Introducing Mormonism…to Non-Mormon Students

By October 26, 2011

With Romney drawing increased attention to Mormonism in American life, I’ve wondered how much to bring Mormon history into my US history survey courses. I’m currently teaching the first half, and he’s come up a couple of times when discussing religious tests for the presidency (I first mention JFK’s Catholicism, which most of my students have heard about, and then I ask which contemporary candidate is having problems with his religion, and at least a few students are aware of opposition to Romney’s Mormonism). I know that in a few weeks Mormons will come up again, when we discuss the Second Great Awakening and then again when we go over westward migration. Neither of these instances will really address the history of polygamy, nineteenth-century tensions between the Church and the American nation, or any of the more difficult doctrines/policies that we have a hard time discussing even with church members, much less non-Mormons. Next semester I’m teaching the second half of the US survey, and I don’t expect Mormons to come up much at all in the textbook or class discussions, beyond maybe a brief mention of the 1880s polygamy raids or a reference to how Mormons tagged along with Evangelicals in the Culture Wars. I’ve adopted a book next semester, Debating the American Conservative Movement, 1945-Present, that includes Romney’s 2008 speech as a primary document, but as we all know Romney didn’t exactly give a detailed treatise on Mormon history. But since the Republican primaries will be happening next semester during my class, I’m wondering how much more I should do to introduce my non-Mormon students to Mormonism.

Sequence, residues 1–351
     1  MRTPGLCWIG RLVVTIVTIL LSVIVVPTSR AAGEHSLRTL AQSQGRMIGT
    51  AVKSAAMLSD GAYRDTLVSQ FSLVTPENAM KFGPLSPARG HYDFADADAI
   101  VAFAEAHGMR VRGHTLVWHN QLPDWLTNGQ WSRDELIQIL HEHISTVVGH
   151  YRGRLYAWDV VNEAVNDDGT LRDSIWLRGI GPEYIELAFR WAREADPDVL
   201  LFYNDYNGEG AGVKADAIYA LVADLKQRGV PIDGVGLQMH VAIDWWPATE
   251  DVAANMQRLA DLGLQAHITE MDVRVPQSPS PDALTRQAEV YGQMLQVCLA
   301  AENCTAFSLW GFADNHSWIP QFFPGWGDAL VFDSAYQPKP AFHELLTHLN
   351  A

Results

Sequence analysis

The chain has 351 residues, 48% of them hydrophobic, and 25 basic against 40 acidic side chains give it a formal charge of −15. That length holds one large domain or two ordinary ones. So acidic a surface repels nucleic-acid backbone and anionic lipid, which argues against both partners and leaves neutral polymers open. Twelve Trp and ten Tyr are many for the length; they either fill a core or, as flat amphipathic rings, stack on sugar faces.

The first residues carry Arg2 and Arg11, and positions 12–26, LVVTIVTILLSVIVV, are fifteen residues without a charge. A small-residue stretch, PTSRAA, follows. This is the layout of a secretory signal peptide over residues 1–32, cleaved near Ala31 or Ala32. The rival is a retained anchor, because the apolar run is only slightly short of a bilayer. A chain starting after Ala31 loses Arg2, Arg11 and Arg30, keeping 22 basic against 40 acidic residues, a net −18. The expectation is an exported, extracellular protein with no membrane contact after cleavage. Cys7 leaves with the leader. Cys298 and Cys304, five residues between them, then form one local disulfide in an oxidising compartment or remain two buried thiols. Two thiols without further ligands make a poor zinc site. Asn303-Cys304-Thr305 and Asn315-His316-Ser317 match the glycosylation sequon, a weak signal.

I considered adopting Flake’s book on Reed Smoot, since it’s accessible and designed for undergraduate classrooms, but then I had second thoughts. What if Romney somehow flames out and isn’t even close to getting the nomination? Whatever interest my students had in learning more about Mormonism would probably die out quickly if that were the case. And while Flake does a great job of showing an instance of early twentieth-century Protestant resistance to a Mormon holding elected office, I’m not sure that it really addresses “Mormon issues” in terms that make sense of the rise of the Christian Right and Christian Nationalism since the 1970s.

What do y’all think? Is there another accessible monograph that gets at the issues more directly? Perhap’s Matt’s new book, but I’m not sure where a comprehensive history would really fit in such a course. Maybe if there were a targeted book that dealt with Mormons and Evangelicals in the Culture Wars and the rise of conservatism, but I can’t think of one that really fits. Last I heard, John Charles-Duffy is writing his dissertation on this, but that won’t be available for quite some time. More importantly, is this even something that really needs to be addressed at this point in time? Maybe it would be more reasonable to wait until there’s actually a Mormon in the White House–and therefore substantial demand among students for more detailed information on Mormon history–before using a full-length monograph in a survey course.

For the record, I won’t be voting for Romney or any Republican for that matter come next November.

Article filed under Categories of Periodization: Modern Mormonism Methodology, Academic Issues Miscellaneous


  1. I think Flake’s book would work wonderfully in the course because, hey, even if interest in Mormonism dwindles (which I doubt), it addresses important issues of Church and State in the Progressive era (and set the grounds for the rest of the century).

    Too bad Pat Mason’s book on ETB and the rise of the religious right won’t be out for a long time.

    Comment by Ben Park — October 26, 2011 @ 12:15 pm